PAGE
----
A 32-year-old Buffalo man was shot dead early Wednesday in an encounter with a two-year veteran of the Buffalo Police Department in the heart of the city's West Side. Friends and relatives later turned out for a vigil.
Deputy Police Commissioner Joseph Gramaglia was very sparing with details about what happened in the 3 a.m. confrontation near Plymouth and Massachusetts avenues. It was triggered by a radio call of a man with a gun and two-year veteran of the force Officer Elnur Karadzhaev was the first to respond.
The exchange of radio calls over a few seconds provides some details of what happened, leaving father of two Rafael "Pito" Rivera dying in a parking lot, with no time to be taken to the hospital. Police said there is surveillance camera footage of what happened and a loaded gun was found at the scene.
"At approximately 3:05 this morning, officers responded to a man with a gun call in the vicinity of Plymouth and Massachusetts," said Gramaglia. "At that time, the officer encountered a man who had a gun and engaged in a short foot pursuit that ended in a parking lot in the 400 block of Plymouth Avenue. The suspect refused multiple requests by the officer to put the gun down. At that time, the officer discharged his service weapon to stop the immediate threat the suspect posed."
Gramaglia said the cause of death of the man who was shot is still being determined by the medical examiner.
Karadzhaev was taken to Erie County Medical Center and was later released. The officer was placed on administrative leave, as is department protocol, while the investigation goes on. He was not wearing a body camera because that test has ended.
Because there was a gun found at the site of the confrontation, the state attorney general's office will not conduct an investigation. The AG has investigated two other fatal officer-involved deaths. In both cases, officers were cleared.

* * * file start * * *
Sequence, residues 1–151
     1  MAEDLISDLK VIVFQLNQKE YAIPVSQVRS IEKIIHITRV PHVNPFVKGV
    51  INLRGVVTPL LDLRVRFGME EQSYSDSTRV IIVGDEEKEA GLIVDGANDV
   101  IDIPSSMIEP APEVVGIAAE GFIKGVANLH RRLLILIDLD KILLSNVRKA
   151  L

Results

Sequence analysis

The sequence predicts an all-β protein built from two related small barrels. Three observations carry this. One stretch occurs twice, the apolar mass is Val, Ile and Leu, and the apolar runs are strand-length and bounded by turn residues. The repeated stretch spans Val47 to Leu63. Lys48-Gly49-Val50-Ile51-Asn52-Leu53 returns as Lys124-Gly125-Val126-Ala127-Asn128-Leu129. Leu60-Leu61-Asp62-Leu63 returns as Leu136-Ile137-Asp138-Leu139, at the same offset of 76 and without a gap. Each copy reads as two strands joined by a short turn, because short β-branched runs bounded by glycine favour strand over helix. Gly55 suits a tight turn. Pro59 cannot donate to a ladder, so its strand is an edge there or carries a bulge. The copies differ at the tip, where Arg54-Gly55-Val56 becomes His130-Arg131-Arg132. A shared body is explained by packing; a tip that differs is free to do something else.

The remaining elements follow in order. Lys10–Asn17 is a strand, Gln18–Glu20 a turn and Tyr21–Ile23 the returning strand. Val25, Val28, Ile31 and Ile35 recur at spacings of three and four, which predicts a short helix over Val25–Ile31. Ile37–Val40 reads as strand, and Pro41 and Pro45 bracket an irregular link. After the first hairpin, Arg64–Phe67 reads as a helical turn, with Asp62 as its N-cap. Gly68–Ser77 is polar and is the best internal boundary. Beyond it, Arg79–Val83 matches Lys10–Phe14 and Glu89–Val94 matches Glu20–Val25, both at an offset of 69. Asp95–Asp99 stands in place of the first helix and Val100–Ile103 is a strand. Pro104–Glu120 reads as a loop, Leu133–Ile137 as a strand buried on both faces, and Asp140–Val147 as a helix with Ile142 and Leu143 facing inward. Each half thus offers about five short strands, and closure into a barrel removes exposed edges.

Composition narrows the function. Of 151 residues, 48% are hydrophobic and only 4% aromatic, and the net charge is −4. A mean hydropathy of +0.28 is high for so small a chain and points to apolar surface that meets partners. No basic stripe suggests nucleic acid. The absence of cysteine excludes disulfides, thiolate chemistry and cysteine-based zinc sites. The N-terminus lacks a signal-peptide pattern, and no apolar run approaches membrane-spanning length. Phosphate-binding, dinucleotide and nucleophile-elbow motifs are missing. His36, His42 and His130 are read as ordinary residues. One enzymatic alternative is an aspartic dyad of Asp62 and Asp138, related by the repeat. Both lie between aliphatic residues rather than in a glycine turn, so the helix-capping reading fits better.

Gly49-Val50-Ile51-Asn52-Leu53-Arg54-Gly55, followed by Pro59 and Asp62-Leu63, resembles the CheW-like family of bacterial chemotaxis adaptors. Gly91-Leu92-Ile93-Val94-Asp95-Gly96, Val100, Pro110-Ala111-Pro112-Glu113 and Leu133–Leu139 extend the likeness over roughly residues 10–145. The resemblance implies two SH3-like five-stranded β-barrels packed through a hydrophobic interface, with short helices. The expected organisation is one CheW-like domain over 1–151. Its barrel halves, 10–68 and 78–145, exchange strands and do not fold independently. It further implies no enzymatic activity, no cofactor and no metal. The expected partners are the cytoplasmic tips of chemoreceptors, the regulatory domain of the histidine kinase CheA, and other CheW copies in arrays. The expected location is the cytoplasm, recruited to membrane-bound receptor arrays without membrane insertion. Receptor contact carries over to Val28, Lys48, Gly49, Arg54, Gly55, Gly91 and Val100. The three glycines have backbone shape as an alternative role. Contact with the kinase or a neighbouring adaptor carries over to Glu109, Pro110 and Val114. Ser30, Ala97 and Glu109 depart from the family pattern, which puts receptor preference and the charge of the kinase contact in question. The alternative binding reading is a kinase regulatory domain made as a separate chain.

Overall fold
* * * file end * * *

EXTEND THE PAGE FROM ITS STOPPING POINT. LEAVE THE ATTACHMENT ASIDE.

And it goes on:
Erie County District Attorney John Flynn said he will investigate and it is underway. Gramaglia said it was armed man against armed police officer.
"We go through de-escalation tactics and techniques. However, when you get to that highest point which is a loaded weapon, the officer still issued commands to put the weapon down, that's the de-escalation tactics and it got to a point that the officer had to stop the immediate threat and had to discharge his own weapon," Gramaglia said. "The suspect had a deadly weapon, a loaded handgun and, again, the situation and how you address that situation is dictated more often by the suspects, what they do. So, unfortunately, he had this gun in his hand, posed a threat to the officer and, unfortunately, the officer very tragically had to discharge his weapon and end the threat."
A large group of friends and relatives, Just Resisting and Black Love Resists in the Rust later held a bilingual vigil, overshadowed by silver balloons floating in the wind and proclaiming "RIP Pito." Attendee Brenda Miller-Herndon called Pito her second son and is skeptical of the police statements.
"Meech, Jose and now Pito. I'm closer with Pito than anybody because I'm the one that basically lives here and I'm the one that he basically came and talked to," Miller-Herndon said. "He was petrified of the cops. This is the reason why I can't believe it was actually him. The systemic part is every cop that's going to kill someone here in Buffalo, the three murders, they didn't get charged for it. Enough is enough."
Vigil attendee Shaketa Redden said it is the duty of activists to object to police activities.
"When someone is killed at the hands of the police to be out for the community, and so I don't know that it necessarily matters what happened, but what I do know is that someone is dead, to not be able to see his family again," Redden said. "To me, it's not warranted. It's not warranted. Someone who left their home at a certain time should be able to return to their home."
Coalition for Economic Justice Executive Director Reverend Kirk Laubenstein called for a leveling of social differences.
"We pray today especially Lord that people in high places, the people in high places will come down, will come down and see this injustice here, this killing," Laubenstein said.